The Potomac Electric Power Co. faces an uphill struggle in winning approval for two new power plants at Dickerson, Md., because some state officials are concerned about the combined effect of emissions from the new coal gasification generating plants and a county trash incinerator slated for the same area.
Public hearings on the suitability of Pepco's Dickerson site -- a 1,000-acre area along the upper Potomac in Montgomery County where Pepco already operates three conventional coal-fired plants -- begin at 10 a.m. today before a Maryland Public Service hearing examiner in St. Mary's Church in Barnesville, Md.
The hearings open the first phase of a case that could take years. This first phase will examine only the general suitability of the site, where Pepco plans to build 750 megawatts of new generating capacity.
The plants, which Pepco said could be in partial operation by 1994, are needed to meet rising demand for electricity and will cost customers $2 billion based on internal Pepco budget documents that calculate the cost on a 5 percent estimated rate of inflation. The plants will cost $1.3 billion to construct based on 1987 dollars, according to Pepco.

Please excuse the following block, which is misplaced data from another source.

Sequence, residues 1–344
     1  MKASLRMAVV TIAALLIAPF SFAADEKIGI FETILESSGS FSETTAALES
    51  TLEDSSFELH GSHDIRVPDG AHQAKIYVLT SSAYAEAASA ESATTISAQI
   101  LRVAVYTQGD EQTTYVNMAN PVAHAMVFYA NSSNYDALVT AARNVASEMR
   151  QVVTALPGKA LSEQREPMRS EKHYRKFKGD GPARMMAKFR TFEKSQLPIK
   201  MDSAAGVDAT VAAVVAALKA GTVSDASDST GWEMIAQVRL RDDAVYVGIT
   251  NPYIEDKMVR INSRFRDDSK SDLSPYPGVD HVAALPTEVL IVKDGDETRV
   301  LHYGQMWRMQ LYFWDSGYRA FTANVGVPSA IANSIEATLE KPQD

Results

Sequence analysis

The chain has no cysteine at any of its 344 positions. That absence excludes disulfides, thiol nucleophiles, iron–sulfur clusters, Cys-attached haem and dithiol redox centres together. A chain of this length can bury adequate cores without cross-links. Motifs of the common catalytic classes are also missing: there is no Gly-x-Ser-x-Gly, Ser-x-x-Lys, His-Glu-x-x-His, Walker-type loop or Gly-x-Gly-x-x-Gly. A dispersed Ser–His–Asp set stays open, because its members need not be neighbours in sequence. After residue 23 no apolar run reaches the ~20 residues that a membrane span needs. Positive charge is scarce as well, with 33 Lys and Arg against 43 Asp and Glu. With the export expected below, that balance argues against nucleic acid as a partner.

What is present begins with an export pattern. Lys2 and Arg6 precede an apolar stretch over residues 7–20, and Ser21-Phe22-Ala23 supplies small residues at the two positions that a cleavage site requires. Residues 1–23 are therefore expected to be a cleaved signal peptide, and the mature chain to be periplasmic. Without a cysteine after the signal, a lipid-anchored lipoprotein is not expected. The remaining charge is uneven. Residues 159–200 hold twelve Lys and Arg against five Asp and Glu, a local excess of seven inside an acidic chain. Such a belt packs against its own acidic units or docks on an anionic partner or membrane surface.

The Maryland Power Plant Research Program, a division of the Maryland Department of Natural Resources that makes recommendations to the Maryland PSC on plant licensing, has given preliminary approval to the site for an expansion of Pepco's generating capacity.
But many unknowns about the health risks of a new coal gasification technology, coupled with a county solid waste incinerator that would be located nearby, make the licensing a thorny issue. Gasification converts coal to gas for burning in electrical generators.
"We have a lot of information and it's good -- it's just not complete," said James Teitt, the state's program manager overseeing plans for Pepco's Dickerson site. "It may mean we may have to say no to one whole plant. It could mean no to a certain voltage output or no to a gasifier" that would gasify coal to power generators.
Teitt said he expected that all the information would be provided over time by Pepco and makers of the gasification equipment, such as Texaco and other companies.
"We know what goes in and comes out, but we don't know what happens in the process stream, and until we are satisfied with the type and the amount of the compounds we won't be able to sign off on the licensing," he said. Municipal incinerator waste "isn't well understood," complicating the process still further, he said.